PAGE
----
Also on the removal list is an Aboriginal scar tree & ‘Wheat Carter’s Tree,’ which is culturally significant to the town.
“Residents have bemoaned the lack of appropriate community consultation & believe the problem could be resolved by moving the proposed pole around the tree.”
Gilgandra Shire Council had “decided to wash their hands of it.”
To their credit Essential Energy is consulting with the Gilgandra Aboriginal Lands Council as well as the Office of Environment & Heritage regarding two of the trees “identified as having potential cultural significance.”
I have a strong belief that Aboriginal scar trees, rare trees & historic trees belong to the whole of Australia, not just one town, city or state. Significant trees link us all with our past & with the environment. Many thousands of people travel around Australia to see historic trees or special environmental landscapes every year.
When the two ghost gums painted by famed artist Albert Namatjira were burnt down by vandals in January 2013, many across Australia, & indeed the world, grieved at their senseless loss. Most Australians would not have visited the Murray River to see the River Red Gums, but ask them whether they care about them, most will say yes. It is the same with the Daintree Forest in Far North Queensland.
We care about Tasmania’s Huon pines, the Tarkine, the Wollemi pines north-west of Sydney hidden away to keep them safe & the ancient Jarrah trees of Western Australia to name just a few.
We may not have heard of the ‘Wheat Carter’s Tree,’ but most likely visitors to Gilgandra would go & visit that tree & the Tourist Information Office would recommend they do because it is a landmark tree & part of the town’s history. Trees are part of Australia’s cultural heritage & are important to many.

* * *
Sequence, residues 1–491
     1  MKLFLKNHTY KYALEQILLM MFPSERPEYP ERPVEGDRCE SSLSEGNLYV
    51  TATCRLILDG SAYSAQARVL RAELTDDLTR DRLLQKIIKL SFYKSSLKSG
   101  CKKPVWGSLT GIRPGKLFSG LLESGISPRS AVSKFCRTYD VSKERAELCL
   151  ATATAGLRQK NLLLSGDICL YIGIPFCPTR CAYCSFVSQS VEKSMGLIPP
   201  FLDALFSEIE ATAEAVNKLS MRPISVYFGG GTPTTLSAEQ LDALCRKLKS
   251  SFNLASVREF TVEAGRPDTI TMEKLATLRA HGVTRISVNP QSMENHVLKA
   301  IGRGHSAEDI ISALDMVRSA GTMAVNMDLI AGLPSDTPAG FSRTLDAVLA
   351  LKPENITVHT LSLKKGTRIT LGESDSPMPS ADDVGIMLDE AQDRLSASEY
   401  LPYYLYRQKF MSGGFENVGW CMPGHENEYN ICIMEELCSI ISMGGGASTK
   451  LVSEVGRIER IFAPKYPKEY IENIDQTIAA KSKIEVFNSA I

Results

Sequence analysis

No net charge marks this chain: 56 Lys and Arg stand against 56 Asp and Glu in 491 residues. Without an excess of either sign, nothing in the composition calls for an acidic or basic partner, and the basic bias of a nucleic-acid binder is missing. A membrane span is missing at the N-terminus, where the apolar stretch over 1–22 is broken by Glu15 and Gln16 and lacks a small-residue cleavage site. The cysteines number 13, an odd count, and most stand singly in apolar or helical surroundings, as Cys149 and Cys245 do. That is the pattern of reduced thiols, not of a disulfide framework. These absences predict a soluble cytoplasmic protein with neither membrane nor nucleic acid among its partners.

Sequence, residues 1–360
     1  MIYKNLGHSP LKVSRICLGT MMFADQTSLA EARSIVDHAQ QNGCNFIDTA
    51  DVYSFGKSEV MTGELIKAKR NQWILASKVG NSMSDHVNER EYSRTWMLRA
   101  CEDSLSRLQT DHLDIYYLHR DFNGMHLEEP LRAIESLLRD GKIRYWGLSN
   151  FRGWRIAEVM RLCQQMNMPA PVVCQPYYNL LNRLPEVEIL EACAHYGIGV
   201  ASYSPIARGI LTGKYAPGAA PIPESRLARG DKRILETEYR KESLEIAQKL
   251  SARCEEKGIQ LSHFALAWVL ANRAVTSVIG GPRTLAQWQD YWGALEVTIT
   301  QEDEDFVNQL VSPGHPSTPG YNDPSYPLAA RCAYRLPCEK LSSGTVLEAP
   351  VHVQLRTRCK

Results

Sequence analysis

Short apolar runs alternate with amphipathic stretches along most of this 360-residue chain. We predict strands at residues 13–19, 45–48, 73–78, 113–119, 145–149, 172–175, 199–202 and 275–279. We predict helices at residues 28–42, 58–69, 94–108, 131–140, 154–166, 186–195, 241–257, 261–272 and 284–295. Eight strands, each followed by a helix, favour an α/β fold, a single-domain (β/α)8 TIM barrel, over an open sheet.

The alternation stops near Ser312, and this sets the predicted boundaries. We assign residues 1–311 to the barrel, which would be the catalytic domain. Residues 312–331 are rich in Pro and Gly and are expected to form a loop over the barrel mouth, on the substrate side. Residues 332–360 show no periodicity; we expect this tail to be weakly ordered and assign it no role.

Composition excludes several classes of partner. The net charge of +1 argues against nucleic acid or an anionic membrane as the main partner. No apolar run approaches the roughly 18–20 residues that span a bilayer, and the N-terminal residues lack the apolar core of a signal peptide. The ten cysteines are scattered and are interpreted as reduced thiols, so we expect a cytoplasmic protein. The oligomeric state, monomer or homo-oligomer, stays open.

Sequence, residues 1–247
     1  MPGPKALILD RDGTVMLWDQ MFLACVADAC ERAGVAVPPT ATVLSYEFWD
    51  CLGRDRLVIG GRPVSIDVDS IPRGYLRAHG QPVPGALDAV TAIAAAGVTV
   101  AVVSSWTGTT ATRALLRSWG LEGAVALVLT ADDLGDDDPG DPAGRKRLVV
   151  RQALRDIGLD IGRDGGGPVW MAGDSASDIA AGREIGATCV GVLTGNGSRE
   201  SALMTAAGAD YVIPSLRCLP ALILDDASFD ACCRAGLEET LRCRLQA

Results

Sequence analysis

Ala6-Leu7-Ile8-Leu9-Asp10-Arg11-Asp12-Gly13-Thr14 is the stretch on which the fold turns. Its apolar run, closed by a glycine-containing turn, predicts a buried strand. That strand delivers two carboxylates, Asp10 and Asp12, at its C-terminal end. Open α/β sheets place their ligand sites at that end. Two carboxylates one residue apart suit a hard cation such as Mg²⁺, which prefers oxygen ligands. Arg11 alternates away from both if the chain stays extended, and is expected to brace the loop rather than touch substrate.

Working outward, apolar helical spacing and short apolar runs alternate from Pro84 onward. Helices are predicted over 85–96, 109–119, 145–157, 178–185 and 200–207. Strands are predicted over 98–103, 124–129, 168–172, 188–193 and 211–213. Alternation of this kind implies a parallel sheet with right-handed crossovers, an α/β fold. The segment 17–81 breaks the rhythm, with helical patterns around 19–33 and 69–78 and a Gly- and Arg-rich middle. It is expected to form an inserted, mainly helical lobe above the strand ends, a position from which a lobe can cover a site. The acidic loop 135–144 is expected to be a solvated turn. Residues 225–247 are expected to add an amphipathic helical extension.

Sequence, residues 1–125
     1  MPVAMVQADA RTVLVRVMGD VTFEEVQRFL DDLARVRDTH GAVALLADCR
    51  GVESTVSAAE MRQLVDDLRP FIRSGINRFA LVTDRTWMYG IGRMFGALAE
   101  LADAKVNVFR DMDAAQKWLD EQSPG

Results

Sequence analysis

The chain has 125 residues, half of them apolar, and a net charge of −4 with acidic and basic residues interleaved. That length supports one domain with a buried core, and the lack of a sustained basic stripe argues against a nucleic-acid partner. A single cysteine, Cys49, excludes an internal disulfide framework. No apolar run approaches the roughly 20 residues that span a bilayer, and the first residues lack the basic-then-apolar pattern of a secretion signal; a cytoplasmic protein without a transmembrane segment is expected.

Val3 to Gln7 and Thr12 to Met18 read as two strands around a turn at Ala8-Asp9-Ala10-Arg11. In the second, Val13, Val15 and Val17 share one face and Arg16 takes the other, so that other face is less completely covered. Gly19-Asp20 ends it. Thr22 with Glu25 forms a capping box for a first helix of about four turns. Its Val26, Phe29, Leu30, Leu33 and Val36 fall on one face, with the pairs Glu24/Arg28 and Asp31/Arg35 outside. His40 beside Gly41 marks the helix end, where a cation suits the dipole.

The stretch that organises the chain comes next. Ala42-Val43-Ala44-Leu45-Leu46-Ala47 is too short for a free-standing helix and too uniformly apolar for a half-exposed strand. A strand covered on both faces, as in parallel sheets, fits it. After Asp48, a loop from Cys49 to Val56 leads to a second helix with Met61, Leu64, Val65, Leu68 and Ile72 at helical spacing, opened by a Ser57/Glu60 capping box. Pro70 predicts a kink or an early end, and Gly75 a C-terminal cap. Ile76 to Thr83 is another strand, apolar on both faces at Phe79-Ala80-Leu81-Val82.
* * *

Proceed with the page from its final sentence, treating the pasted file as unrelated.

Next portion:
Sure, people who don’t care about trees wouldn’t blink an eyelid if any of these historical or rare trees were chopped down or even made extinct, but there are many of us who feel connected to trees & want to keep the special ones. There must be something else that can be done. I applaud those residents who are trying to save Gilgandra’s special trees & hope that they are successful in saving these trees. To read more see – http://bit.ly/103QBpq
1. 62-year-old American, Harvey Updyke Jr famed for poisoning two 130-year-old much-loved Southern Live Oak trees called the Toomer’s Oaks in Auburn University Alabama in January 2011 after his team lost a game has been sentenced to 3 year’s gaol. Currently in custody, he will remain in custody about 6-more months. After release he will have a 7pm curfew & be on supervised probation for 5-years with the conditions that he is not allowed to enter the university campus, attend any sporting event or enter a Lowes Store where he threatened an employee. He was also fined $1,000. The trees will be chopped down in April with the wood being made into souvenirs & a memorial to be displayed at the local museum. http://bit.ly/XAI37G
2. Anne Frank wrote in her diaries about the Horse Chestnut tree that she could see from the Amsterdam attic window where she & her family hid for 2-years during the German occupation of the Netherlands in World War II. “From my favourite spot on the floor I look up at the blue sky & the bare chestnut tree, on whose branches little raindrops shine, appearing like silver, & at the sea gulls & other birds as they glide on the wind…I firmly believe that nature brings solace in all troubles.” The tree was estimated to be between 150 &170-years-old & sadly blew down in 2010. Eleven cuttings of this tree will be planted across the US this year as “as symbols of tolerance & hope.” http://bit.ly/13plieP
3. Massive fossil trees have been found in northern Thailand. “The longest petrified log measures 72.2 meters (237 feet), which suggest the original tree towered to more than 100 meters (330 feet) in a wet tropical forest some 800,000 years ago.” No living tree in Thailand is anywhere near the size of the fossils. One of the fossils has grabbed the title of the worlds longest unbroken fossilized tree trunk. Seven fossils out of nine have been excavated. http://bit.ly/11icbLC